Observations from today’s readings and today’s S-WOD, Friday, 6 November 19:
John 8:10, 11 — “Woman, where are they? Has no one condemned you?” She said, “No one, Lord.” And Jesus said, “Neither do I condemn you; go, and from now on sin no more.”
The account of the woman caught in adultery is wonderful and well-known story of mercy and grace, but it is often misapplied and misappropriated. I have often heard people living in unrepentant sin reference this story to justify their sin and to counter anyone who might challenge them — “Let him who is without sin… be the first to throw a stone,” implying that, because we are all sinners, God accepts our sin, and if anyone speaks out against sin, they are just being judgmental. However, they never seem to remember Jesus’ final words to the woman — “from now on sin no more.” Jesus was not making light of sin, nor was He invalidating personal responsibility, mutual accountability, or civil systems of accountability. He was, however, rejecting those who judge right from wrong with a judgmental (self-righteous, condemning, malicious) heart, and He was promoting repentance and reconciliation. “Do not judge by appearances, but judge with right judgment.” (John 7:24)
The woman caught in adultery was brought to Jesus while He was teaching a crowd at the Temple. In an uncommon and unholy alliance, both the scribes and the Pharisees brought the woman to Jesus, “to test him, that they might have some charge to bring against him.” (John 8:6) So what was the test which could result in a chargeable offense?
Some have suggested the scribes and Pharisees were seeking to place Jesus in a dilemma between justice and mercy – if He forgave her, they could accuse Him of being unjust, but if He condemned her, they could accuse Him of being unmerciful. Those who subscribe to this interpretation believe Jesus chose mercy and grace over justice and silenced His would-be accusers by convicting them of their need for mercy and grace from God too, perhaps writing their sins in the sand (speculation). However, if this were the case, Jesus would have been nullifying the entire church and judicial system for accountability and discipline. If only the sinless could hold the guilty accountable, there would be no accountability, a world with no justice. Jesus wasn’t invalidating the social and legal/judicial processes that maintained civil order.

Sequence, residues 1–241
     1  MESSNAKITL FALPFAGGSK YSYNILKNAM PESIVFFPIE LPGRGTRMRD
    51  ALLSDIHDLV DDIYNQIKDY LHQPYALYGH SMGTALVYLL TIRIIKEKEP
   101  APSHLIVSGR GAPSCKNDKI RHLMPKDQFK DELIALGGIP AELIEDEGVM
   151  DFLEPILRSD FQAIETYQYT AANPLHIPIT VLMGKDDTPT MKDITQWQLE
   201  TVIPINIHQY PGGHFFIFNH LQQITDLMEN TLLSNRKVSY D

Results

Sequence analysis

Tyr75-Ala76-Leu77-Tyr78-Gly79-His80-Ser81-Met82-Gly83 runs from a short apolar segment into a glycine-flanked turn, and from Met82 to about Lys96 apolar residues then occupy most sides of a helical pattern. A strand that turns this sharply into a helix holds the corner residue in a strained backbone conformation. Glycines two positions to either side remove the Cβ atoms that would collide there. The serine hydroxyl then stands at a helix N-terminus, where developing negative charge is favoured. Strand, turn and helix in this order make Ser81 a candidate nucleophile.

- 1 Timothy 5:20 — As for those who persist in sin, rebuke them in the presence of all, so that the rest may stand in fear.
- 2 Timothy 4:2 — Preach the word; be ready in season and out of season; reprove, rebuke, and exhort, with complete patience and teaching.
- Titus 1:9 — He must hold firm to the trustworthy word as taught, so that he may be able to give instruction in sound doctrine and also to rebuke those who contradict it.
- Titus 1:13 — This testimony is true. Therefore rebuke them sharply, that they may be sound in the faith….
- Titus 2:15 — Declare these things; exhort and rebuke with all authority. Let no one disregard you.
- 1 Corinthians 5:1, 2 — It is actually reported that there is sexual immorality among you, and of a kind that is not tolerated even among pagans, for a man has his father’s wife. And you are arrogant! Ought you not rather to mourn? Let him who has done this be removed from among you.
So then, what was the test? More likely, the scribes and Pharisees were hoping Jesus would feel obligated before the Jewish crowd to uphold the Law of Moses – “Now in the Law, Moses commanded us to stone such women. So what do you say?” The dilemma here is whether Jesus would obey the Law of Moses or the Roman law, which only allowed execution through the Roman judicial system (The Jews would later appeal to Rome for Jesus’ execution). Had Jesus approved of the woman’s execution, the scribes and the Pharisees would have had the chargeable offense for which they were hoping. Had Jesus deferred to Rome, He would have been accused of fearing Rome rather than God. However, Jesus used the Law to hold the scribes and Pharisees accountable to justice, to expose their wickedness, and to offer mercy and grace to the accused woman.